Jewish people and their customs on the pictures below.
Salonika Jewish Women 1917
Salonika Jewish Woman
Salonika Jewish Woman 1917
Salonika Jewish Woman
This is a classic example of the Jewish Woman in Salonika.
Salonika Jewish Man

Salonika Jewish Man

Salonika Jewish Camp 1918

Salonika Jewish Camp 1918

Salonika Jewish Cemetery in the early 1900s

Salonika Jewish Cemetery

Salonika, Thessaloniki, Salonique - Greece  Jewish Communities
SALONIKA (Thessaloniki), port located in N.E. Greece. Although
historical evidence is scarce, it is believed that the Alexandrian
Jews who arrived in ca. 140 B.C.E. were among the
first Jews to settle in Salonika. Several sources give evidence
of the existence and growth of the Jewish community during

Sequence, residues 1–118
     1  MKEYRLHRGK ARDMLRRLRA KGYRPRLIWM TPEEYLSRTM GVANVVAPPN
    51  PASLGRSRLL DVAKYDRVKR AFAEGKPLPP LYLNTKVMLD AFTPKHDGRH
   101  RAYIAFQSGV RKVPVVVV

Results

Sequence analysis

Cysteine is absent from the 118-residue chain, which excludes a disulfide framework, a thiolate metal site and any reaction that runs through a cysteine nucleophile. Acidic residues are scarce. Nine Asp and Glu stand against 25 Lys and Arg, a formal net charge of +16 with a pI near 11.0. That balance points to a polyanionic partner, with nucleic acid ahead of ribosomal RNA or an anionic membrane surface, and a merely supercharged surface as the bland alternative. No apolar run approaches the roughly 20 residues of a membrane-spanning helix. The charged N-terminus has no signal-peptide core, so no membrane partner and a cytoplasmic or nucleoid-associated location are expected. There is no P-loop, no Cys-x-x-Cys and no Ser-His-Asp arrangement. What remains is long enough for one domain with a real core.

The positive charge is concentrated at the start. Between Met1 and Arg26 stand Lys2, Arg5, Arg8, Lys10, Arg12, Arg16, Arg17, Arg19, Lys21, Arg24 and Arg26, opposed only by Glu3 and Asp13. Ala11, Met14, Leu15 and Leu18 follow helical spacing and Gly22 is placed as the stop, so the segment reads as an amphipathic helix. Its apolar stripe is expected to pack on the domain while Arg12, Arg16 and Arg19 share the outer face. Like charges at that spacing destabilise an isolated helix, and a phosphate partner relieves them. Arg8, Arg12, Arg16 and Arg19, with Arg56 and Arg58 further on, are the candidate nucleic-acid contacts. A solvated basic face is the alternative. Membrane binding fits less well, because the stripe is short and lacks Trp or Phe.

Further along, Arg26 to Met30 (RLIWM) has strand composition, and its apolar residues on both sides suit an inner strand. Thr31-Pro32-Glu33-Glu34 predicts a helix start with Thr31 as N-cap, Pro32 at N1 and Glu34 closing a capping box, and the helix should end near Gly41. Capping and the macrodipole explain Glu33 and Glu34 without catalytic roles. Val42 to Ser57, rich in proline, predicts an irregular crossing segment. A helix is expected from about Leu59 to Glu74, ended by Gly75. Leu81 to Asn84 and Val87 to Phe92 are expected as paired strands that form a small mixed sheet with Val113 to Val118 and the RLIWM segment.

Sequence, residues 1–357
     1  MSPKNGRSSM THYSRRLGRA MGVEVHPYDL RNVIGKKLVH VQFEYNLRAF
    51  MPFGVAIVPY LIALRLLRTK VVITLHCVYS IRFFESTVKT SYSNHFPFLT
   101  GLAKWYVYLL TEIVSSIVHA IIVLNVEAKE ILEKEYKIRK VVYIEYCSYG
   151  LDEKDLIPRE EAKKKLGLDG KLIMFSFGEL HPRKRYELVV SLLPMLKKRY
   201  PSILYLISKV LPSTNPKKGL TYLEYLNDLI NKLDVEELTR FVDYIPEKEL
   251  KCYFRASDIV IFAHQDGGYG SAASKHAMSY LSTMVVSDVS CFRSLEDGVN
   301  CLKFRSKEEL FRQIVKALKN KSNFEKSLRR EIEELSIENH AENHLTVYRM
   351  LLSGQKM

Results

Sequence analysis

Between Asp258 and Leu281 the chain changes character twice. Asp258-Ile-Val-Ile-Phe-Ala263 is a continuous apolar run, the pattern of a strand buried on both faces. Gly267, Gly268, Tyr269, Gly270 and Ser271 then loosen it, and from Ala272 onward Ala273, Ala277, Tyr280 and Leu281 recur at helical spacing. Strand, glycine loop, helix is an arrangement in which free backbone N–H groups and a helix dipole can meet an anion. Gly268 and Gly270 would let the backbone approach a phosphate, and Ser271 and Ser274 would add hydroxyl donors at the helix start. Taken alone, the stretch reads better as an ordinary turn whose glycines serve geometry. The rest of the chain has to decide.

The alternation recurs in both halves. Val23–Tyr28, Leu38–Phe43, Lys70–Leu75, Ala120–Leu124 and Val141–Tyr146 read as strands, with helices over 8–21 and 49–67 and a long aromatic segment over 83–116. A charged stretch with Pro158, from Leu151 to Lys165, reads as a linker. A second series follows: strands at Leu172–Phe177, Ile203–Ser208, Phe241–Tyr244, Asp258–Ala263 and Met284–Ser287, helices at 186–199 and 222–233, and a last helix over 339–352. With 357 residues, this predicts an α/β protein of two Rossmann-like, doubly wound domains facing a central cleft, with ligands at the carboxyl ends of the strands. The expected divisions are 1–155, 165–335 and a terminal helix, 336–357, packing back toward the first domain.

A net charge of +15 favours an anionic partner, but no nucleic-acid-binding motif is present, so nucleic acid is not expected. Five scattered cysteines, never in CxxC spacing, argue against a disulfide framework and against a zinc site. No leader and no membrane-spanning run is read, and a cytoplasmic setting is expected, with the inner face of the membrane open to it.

the Hellenistic and Roman periods. It is known that the apostle
Paul preached for three consecutive Sabbaths in the synagogue
of Salonika and that afterward he was forced to leave
the town. The Romans granted autonomy to the community,
whose members lived in a neighborhood near the port; therefore,
the Jews had the opportunity to develop strong commercial
ties with many parts of the world. The Jews of Salonika
during the Roman and Byzantine periods had Greek names
and spoke Greek.

Turkish Conquest – Sephardi Immigration (15–16
In 1430 Salonika was occupied by the Turks. At approximately
the same time waves of Jewish immigrants started arriving
in the town. In 1470 Bavarian Jews arrived in Salonika and
formed the Ashkenazi community near the existing Romaniot

From the beginning of German occupation in Salonika
on April 9, 1941, until the end of the deportations of Salonikan
Jewry to Birkenau from March 15, 1943, to August 1943,
as many as 3,000–5,000 Jews fled Salonika, mostly by train,
to the temporarily “safe” Italian zone
At least 37,000 Salonikan Jews were gassed upon their
arrival in Auschwitz-Birkenau, but the figure may be several
thousand higher. [Encyclopaedia Judaica]

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